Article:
Thursday, September 9, 2010

Optimism and Hope

The major human evolutionary adaptation is culture. Without culture, which includes writing and altruism, the human species has no hope. Global warming is rapidly leading to climate collapse which may interrupt human cultural transmission.

I recently read David Orr’s book about climate collapse (a better description than global warming), Down to the Wire. He made a distinction between optimism and hope. Optimism is when you can realistically predict a good outcome, however uncertain. Hope is an attitude that keeps you working even when optimism is not a realistic possibility. He said that no rational person could give an optimistic assessment that the Earth is going to avoid climate collapse—that is, enough of a collapse to mess up human civilization. But we need to have hope, even if not optimism.

But as I read the book, it became clear that, if Orr is right, the only way we can avoid climate collapse is for everyone to do everything right, right now, even though we are doing almost nothing right, right now, in terms of reducing carbon emissions. No grounds for optimism here, and hope is a fantasy, even though it may be an essential one.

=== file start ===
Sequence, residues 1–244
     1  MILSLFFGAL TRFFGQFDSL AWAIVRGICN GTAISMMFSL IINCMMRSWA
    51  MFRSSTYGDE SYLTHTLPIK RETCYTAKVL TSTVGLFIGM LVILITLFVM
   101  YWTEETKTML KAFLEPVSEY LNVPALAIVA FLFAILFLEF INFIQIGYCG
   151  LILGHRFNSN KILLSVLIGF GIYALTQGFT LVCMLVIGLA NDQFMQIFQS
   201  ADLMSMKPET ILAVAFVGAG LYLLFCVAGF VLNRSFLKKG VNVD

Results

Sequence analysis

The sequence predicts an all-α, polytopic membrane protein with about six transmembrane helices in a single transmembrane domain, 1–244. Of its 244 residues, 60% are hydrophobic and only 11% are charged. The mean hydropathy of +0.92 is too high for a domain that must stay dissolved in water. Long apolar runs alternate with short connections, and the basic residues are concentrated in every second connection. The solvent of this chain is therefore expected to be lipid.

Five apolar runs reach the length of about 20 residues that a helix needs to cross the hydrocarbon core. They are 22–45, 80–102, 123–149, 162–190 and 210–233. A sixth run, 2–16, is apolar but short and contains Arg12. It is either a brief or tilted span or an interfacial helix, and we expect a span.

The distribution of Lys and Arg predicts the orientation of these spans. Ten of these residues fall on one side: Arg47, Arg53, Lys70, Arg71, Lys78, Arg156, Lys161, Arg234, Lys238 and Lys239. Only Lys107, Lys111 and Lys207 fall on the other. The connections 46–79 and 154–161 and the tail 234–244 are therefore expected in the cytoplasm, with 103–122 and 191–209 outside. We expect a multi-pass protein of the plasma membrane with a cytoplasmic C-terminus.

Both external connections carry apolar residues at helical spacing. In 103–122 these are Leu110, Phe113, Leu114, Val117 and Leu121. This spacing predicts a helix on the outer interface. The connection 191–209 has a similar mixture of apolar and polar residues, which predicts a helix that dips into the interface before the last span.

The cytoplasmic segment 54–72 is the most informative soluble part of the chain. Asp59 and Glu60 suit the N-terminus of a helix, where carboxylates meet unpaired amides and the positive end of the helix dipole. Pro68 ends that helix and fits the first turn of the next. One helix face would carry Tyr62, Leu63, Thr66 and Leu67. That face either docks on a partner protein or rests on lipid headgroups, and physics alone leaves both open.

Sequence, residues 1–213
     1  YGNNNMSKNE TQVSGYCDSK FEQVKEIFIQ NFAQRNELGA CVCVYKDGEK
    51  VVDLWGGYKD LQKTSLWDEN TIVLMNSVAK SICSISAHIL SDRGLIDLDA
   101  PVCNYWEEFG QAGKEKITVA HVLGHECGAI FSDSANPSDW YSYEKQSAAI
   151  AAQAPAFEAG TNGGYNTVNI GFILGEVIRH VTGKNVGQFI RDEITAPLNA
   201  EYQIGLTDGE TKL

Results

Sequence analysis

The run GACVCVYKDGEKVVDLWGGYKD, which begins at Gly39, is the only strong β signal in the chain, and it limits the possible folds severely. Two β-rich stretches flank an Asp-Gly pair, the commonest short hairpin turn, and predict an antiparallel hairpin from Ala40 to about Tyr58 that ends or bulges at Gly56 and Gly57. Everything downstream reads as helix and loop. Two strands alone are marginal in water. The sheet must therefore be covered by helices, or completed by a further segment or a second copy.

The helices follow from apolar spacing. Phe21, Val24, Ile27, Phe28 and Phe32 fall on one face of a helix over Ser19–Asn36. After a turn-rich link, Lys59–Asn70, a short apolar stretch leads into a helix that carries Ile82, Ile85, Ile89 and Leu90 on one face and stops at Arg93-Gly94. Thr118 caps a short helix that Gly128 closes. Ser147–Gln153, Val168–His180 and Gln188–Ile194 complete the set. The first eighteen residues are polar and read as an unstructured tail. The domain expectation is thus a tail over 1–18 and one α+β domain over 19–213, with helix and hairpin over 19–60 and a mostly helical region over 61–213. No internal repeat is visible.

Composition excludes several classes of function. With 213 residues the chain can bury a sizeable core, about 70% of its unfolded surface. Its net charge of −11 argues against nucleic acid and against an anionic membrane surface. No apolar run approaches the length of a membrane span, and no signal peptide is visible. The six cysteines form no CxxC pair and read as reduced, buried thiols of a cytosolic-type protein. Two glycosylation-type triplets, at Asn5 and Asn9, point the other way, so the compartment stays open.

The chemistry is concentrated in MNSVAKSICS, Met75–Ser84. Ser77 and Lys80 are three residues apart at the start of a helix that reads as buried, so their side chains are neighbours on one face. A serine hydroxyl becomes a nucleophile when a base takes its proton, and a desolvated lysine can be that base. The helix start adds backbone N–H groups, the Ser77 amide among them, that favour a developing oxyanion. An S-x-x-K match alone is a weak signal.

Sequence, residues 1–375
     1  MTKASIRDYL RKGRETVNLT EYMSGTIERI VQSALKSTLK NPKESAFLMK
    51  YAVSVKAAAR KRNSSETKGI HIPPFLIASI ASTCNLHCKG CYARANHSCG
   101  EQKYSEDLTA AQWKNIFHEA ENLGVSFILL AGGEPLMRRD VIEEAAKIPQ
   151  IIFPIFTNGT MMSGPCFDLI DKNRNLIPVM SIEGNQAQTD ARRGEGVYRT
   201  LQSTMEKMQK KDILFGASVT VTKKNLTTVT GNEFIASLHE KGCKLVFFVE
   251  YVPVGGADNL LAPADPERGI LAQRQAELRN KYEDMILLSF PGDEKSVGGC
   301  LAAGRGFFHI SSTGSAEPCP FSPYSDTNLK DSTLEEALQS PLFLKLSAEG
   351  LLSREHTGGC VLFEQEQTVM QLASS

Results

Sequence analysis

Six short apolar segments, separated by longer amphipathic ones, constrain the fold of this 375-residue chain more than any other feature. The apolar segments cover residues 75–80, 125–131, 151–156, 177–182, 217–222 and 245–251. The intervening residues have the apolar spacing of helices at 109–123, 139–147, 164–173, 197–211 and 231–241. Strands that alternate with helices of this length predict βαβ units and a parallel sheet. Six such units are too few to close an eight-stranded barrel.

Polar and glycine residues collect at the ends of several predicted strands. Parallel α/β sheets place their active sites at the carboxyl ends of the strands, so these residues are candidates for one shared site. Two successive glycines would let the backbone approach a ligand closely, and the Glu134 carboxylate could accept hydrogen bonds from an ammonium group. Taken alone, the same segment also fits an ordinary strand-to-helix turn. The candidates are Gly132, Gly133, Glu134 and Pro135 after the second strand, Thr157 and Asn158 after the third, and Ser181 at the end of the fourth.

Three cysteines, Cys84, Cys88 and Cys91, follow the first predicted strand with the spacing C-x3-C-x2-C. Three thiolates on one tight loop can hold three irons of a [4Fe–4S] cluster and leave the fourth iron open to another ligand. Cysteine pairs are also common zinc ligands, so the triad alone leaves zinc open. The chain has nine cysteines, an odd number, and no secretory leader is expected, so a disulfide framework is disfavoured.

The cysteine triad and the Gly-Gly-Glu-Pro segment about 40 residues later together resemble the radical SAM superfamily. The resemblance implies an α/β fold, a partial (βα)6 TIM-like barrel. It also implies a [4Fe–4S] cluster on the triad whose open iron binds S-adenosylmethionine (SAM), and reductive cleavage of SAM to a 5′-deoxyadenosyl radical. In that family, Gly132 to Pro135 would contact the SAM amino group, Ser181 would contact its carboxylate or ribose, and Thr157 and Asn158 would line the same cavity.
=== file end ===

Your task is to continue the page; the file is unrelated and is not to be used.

At the same time, I was reading Margaret Atwood’s novel of a dystopian future, Oryx and Crake. It was a future in which humans and most wild animals are nearly extinct, replaced by genetically engineered humanoids and animaloids, and a future with brutal global warming. (Atwood is the master of dystopias, of which The Handmaid’s Tale is the most famous.) She made the point that, in humans as in other intelligent animals, all it takes is for cultural transmission to be interrupted for a single generation, and the game is over forever—the most important aspects of human adaptation will be lost. Our bodies and our instincts, by themselves, will not get us very far. Climate collapse would not need to cause extinction; all it would have to do is to interrupt human culture for a generation.

Evolution will go on, the human species will persist in a physically recognizable form, but we now face the possibility of global cultural interruption.

A version of this essay will appear this fall on my website.

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